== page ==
Game idea development – Diagnosis: Part 2

This is a follow up blog post of my previous post ‘Game idea development – Diagnosis’ and consists of further research into a section of my target market. I noticed in my previous post I didn’t really research into signs of autism, obviously this is important as without understanding a portion of my market properly how do I hope to create something to benefit the individual without fully understanding them and their needs?

Here are some signs that a child may have autism include difficulty in the following;

  • Communicating verbally and non-verbally
  • Relating to other individuals
  • Interacting to others
  • Ignoring name being called
  • Preferring to have a particular routine
  • Avoiding using spoken language
  • Not understanding social gestures such as waving or handshakes
  • Avoiding eye contact

I was thinking, by adding game mechanics which could trigger a childs response, would this be an effective and ethical method of bringing to light potential learning difficulty? Thinking of a range of game mechanics I could use, the most effective ones I could think of where the following;

  • Behavioral Momentum – This would keep the player repeating the same objectives or task, the reason I thought this could be used effectively as children with autism prefer routine so to see how a child responds during a routine and after when something changes will help us evaluate the child.
  • Appointments – This would link in with Loss aversion, but to make the player have to be at a particular place within the game during a particular time will alter an individuals behavior and flag up any major changes.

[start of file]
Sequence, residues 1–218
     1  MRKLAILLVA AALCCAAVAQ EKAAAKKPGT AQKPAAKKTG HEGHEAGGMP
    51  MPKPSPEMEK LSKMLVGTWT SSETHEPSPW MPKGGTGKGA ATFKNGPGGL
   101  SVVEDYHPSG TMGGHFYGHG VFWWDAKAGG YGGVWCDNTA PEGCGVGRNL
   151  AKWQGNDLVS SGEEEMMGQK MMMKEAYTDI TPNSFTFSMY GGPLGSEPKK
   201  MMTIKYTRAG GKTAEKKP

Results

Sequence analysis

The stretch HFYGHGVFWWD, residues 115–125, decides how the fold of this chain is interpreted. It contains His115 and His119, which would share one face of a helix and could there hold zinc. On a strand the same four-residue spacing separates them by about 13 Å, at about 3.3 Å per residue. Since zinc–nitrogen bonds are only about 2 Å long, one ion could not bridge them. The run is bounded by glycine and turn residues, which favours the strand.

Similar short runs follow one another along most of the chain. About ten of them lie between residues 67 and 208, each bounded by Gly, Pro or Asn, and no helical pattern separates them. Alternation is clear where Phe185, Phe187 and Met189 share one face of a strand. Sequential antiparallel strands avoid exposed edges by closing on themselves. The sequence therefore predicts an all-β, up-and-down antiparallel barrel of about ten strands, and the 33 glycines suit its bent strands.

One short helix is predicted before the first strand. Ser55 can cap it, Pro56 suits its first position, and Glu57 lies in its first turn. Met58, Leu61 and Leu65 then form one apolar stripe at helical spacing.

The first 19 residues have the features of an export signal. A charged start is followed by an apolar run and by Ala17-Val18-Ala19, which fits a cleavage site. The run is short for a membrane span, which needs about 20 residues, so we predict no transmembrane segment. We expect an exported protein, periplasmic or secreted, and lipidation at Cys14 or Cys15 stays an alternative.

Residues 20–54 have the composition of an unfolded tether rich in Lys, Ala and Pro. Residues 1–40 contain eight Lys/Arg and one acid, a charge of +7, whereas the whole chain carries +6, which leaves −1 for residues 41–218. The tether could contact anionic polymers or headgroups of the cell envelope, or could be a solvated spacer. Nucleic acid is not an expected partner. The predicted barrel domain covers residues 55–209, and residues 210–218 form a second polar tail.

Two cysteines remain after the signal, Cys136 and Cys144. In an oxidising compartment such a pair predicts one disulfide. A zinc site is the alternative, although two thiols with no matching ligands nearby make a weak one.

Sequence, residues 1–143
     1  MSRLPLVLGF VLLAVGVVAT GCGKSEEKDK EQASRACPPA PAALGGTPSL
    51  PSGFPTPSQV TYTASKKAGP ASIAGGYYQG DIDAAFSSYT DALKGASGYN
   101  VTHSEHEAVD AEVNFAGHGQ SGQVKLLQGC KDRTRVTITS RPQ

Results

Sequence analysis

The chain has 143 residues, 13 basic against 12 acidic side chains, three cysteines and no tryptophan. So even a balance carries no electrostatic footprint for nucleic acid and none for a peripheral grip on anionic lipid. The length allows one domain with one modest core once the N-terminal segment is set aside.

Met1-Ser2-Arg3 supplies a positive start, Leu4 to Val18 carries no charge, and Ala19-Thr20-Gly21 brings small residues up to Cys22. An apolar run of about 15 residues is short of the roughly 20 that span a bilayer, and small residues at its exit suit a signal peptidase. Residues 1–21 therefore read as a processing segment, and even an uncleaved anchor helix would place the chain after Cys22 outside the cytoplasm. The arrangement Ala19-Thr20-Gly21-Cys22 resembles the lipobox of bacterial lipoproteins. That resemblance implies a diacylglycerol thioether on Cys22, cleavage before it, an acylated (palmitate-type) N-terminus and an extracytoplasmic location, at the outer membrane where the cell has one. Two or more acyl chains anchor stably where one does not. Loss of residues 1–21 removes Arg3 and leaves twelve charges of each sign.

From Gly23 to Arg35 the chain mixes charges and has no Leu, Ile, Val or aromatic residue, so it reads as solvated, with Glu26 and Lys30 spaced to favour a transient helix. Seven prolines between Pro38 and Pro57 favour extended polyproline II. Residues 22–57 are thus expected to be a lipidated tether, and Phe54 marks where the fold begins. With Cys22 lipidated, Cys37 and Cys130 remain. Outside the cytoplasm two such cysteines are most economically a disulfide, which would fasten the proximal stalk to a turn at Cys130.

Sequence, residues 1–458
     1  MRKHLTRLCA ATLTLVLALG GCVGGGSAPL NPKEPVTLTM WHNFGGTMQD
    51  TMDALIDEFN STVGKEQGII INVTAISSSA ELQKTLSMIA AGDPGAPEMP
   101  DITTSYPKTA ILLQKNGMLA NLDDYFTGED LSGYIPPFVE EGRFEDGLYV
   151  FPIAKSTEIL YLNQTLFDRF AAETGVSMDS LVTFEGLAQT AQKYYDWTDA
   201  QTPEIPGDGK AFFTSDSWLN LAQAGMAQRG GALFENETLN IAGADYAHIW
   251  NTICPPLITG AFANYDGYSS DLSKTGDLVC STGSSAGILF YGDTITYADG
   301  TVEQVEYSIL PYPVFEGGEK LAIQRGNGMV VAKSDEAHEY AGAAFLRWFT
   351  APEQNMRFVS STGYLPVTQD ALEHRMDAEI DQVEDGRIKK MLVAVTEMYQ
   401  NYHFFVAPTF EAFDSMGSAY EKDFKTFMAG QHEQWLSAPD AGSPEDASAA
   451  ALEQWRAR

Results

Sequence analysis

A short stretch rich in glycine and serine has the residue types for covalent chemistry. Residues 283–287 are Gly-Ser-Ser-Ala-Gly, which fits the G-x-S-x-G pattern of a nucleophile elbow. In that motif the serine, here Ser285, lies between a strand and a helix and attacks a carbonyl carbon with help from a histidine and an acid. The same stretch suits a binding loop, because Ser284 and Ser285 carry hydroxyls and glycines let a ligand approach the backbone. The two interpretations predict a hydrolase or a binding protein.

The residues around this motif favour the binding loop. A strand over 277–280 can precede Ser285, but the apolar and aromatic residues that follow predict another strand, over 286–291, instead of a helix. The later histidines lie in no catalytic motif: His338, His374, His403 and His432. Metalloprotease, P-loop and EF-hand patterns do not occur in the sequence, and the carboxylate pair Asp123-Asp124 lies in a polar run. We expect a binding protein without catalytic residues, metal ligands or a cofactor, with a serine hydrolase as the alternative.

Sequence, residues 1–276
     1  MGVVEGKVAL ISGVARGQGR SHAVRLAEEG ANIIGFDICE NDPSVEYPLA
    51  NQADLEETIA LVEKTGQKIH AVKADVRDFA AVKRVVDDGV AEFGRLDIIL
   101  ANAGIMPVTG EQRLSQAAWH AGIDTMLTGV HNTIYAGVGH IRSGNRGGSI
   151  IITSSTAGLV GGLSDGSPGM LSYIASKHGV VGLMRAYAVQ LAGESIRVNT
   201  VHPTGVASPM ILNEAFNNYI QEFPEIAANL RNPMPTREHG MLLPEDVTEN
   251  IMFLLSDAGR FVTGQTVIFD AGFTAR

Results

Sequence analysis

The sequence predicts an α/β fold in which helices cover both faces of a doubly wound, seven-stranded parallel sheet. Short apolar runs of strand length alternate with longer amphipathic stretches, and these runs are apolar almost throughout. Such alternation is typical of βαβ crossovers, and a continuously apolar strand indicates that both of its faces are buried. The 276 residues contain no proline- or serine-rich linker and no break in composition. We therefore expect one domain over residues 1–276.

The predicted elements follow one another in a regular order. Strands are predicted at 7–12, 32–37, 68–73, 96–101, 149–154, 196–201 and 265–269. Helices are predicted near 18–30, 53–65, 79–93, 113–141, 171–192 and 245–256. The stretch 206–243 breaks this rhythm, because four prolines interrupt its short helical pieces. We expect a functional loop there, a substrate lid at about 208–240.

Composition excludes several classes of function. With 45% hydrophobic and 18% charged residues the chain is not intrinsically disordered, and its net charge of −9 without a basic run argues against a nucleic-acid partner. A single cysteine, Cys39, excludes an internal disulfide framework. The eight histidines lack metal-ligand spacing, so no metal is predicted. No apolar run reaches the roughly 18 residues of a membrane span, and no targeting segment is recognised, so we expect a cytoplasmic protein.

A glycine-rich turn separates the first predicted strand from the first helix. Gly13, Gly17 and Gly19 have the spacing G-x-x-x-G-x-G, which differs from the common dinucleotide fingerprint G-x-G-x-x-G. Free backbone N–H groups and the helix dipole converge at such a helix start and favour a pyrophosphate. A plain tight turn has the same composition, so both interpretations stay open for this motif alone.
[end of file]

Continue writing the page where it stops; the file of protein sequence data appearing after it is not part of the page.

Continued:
• Countdown
  • Levels
  • Loss aversion

On a side note, during my research I stumbled across two interesting videos. The first video is titled Autism: Sensory overload simulation and is about an individuals trip to wal-mart so that someone with a normal development can experience what it like to suffer from autism. I was shocked by the video as I was unaware how extreme it can be for some individuals plus I was unsure if autism could effect an individuals vision to that extent so I decided to research into it and discovered ‘

‘Visual problems are very common in individuals with autism. Visual symptoms of autism can include lack of eye contact, staring at spinning objects or light, fleeting peripheral glances, side viewing, and difficulty attending visually.

Autistic people often use visual information inefficiently. They have problems coordinating their central and peripheral vision. For example, when asked to follow an object with their eyes, they usually do not look directly at the object. Instead, they will scan or look off to the side of the object. Autistic individuals might also have difficulty maintaining visual attention. Eye movement disorders and crossed eyes are common in the autistic spectrum.’

this made me wonder, should I try to put something within my game to make the individual have to focus on an object as then the educator would be able to notice the way the individual handles this visual stimuli and in turns would only help with showing symptoms so that the child could be properly treated if needs be. After this, I dug a little deeper and discovered that an individual has been working on a demo for a game called Auti-sim which was influenced by the first video so that people can experience aspects of life through the eyes of someone who has autism. I found this incredibly interesting and useful especially when it came to understanding my market more.

Also while I was browsing the internet I stumbled across an article which appeared in the daily mail about an app being created which can detect signs of autism better than some of the individuals within the medical field. The app breaks down into three tests; the first tracks how long it takes for a child to follow the movement of the changing stimulus. The second test passes a toy around a childs FoV (Field of vision) and looks out for any delay. The third would be the individual giving the test would roll a ball and look for any eye contact with the child. Feel free to check out this article, it really is an interesting read and I intend to apply some of the things I have discovered within my research to aid with the development of my game idea.

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